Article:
Daniel Goldberg has written a detailed article on the meter for the Bulgarian dance Eleno mome (Elenino mome) [5] concluding that 7/8 is a close approximation. But dancers and musicians know this dance does not conform to the strict concept of beat durations of 2 and 3 in Bulgarian traditional music as it is taught. If one tries to notate the beat ratios using a constant clock rate it is clear that it is a bit short of a 7/8 so another approximation used is often 13/16, however this loses sight of that the ‘feel’ and the ‘pulse’ is slow-slow-quick-slow, even if the actual beat lengths are not exactly 2+2+1+2.

Returning to the Romanian Învârtita, Steve Kotansky a folk dance teacher in US, said for the Romanian Fecioresca men’s dance and Învârtita,

It is generally syncopated and often difficult to ascribe to a particular meter. It is therefore preferable to think of it in terms of dancer’s beats or accents. The basic breakdown of beat is 3: Long-short-short (or slow-quick-quick), but this can be further broken up.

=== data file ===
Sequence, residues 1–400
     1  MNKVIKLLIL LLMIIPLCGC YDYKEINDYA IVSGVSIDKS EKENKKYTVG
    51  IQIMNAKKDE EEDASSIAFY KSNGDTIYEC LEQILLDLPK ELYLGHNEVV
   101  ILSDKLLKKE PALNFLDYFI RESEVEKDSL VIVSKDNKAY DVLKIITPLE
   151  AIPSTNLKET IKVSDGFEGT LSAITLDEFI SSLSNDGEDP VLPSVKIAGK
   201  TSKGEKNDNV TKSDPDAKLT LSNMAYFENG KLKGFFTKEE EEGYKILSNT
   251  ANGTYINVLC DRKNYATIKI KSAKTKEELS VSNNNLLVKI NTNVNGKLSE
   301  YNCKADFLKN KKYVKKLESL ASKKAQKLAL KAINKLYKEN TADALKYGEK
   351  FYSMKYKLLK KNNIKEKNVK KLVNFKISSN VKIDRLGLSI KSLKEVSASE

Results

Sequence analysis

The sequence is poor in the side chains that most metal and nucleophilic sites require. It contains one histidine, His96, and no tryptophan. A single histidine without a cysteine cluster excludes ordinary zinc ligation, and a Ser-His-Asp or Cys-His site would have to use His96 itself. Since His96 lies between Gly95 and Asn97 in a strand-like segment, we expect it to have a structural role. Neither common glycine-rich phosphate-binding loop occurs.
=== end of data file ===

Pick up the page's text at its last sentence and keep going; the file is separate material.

Although my view is that it is better to think of this as 4 counts, as explained above, Kotansky has combined the first two into a ‘long’ in his perception.


  2. Still, Jonathan (2009). Musical surprises #15: It’s musicians who count weirdly, not dancers. Available from:
  3. London, Justin (2004). The many meters hypothesis. Hearing in time: Psychological aspects of musical meter. Oxford, Oxford University Press.
  4. London, Justin; E. Keller, Peter; Repp, Bruno H. (2005). Production and synchronization of uneven rhythms at fast tempi. S D Lipscomb, R Ashley, R O Gjerdingen, P Webster (editors), Proceedings of the 8th international conference on music perception and cognition: pages 223–226. Adelaide, Australia, Causal Productions.
  5. Goldberg, Daniel (2020). What's the meter of Elenino Horo? Rhythm and timing in drumming for a Bulgarian folk dance. Analytical Approaches to World Music, 7, 69–107.